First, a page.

Who's in It:
Shuli Rand, Michal Bat Sheva Rand
The Basics: An Orthodox Israeli husband and wife have their faith tested by some escaped convicts during the time of Succoth, a Jewish holiday that commemorates the Exodus. "Ushpizin" means "holy guests" in Aramaic.
What's the Deal? Religious films are hardly ever serious investigations into faith. Instead, they serve a very specific purpose for their audience: They confirm already-held belief systems and comfort viewers who want to see the characters tested just long enough for everyone's faith to be rewarded. So when the devout married couple in this movie endures suffering at the hands of criminals, it's kind of like spiritual Fear Factor — if they can handle the abuse, they get to collect the prize at the end. Any other outcome is unacceptable.
How You Should Pray: There is some seriously wild and anguished conversing with G_d going on in this movie. And yes, everyone looks up at the sky when they do it. And they do it a lot.
Non-Religious Viewers Welcome Here: Just know that, much like in The Passion of the Christ, in which Jesus gets not only crucified but resurrected, and in the surprise-hit indie Mormon movie God's Army, in which the Mormon missionaries pray until a crippled character walks again, this film presents the tenets of ultra-Orthodox Judaism as simply How the World Really Works.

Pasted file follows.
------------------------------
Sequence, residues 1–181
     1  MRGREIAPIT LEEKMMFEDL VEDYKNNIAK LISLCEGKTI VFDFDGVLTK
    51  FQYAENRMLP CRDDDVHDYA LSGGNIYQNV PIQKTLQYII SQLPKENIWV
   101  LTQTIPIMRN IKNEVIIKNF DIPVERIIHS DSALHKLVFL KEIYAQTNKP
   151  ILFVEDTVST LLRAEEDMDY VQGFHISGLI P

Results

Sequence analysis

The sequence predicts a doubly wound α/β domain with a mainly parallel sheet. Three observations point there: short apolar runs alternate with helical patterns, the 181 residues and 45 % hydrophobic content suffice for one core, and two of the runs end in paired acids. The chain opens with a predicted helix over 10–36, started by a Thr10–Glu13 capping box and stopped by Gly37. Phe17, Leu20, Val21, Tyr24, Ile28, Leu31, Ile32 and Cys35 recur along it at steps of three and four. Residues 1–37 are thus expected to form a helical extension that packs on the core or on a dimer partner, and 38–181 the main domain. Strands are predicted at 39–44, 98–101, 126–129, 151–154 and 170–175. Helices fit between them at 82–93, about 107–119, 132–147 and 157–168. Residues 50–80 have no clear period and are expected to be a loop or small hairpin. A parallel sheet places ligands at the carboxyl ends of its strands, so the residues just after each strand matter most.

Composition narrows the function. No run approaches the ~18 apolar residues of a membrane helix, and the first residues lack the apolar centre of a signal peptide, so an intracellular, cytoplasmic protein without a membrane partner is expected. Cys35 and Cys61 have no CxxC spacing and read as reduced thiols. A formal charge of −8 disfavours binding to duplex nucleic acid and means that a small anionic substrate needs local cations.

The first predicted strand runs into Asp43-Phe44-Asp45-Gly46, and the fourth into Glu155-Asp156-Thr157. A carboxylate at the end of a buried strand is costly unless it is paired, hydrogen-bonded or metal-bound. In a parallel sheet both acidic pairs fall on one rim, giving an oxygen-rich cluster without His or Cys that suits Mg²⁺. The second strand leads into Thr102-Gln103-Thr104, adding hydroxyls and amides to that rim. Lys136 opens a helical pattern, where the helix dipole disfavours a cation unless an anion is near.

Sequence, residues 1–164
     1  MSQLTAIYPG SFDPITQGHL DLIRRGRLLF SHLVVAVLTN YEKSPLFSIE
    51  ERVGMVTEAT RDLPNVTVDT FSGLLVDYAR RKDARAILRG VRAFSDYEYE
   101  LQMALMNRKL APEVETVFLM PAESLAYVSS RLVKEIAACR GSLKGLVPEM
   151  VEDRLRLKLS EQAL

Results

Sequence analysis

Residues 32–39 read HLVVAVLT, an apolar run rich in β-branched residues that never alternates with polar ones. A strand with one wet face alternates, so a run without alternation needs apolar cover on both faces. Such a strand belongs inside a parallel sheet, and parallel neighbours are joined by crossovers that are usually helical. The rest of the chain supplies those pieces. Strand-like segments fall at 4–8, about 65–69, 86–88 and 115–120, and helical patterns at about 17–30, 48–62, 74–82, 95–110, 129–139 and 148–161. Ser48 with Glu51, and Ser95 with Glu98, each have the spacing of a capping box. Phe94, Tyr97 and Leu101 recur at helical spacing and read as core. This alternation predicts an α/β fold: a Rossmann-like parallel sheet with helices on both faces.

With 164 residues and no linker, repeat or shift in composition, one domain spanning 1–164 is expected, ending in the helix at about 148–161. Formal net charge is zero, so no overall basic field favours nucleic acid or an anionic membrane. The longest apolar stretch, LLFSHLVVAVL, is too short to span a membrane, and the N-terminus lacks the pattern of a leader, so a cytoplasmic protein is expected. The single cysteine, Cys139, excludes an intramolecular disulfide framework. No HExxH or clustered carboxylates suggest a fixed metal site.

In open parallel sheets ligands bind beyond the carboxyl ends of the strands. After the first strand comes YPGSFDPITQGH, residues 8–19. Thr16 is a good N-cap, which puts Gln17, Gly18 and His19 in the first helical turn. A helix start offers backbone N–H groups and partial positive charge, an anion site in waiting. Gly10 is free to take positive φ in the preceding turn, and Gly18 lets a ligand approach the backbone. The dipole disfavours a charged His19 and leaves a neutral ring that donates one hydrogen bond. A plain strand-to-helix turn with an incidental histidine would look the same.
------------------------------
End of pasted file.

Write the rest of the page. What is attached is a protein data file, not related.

What He Did After Jane's Addiction Broke Up: Israeli actor Ilan Ganani, who plays one of the criminals, is a dead ringer for Perry Farrell.
Fun Fact: Shuli Rand, who stars in the film and is a popular Israeli actor, wrote the script after he became Orthodox. His real-life wife, Michal Bat Sheva Rand, plays his wife in the movie.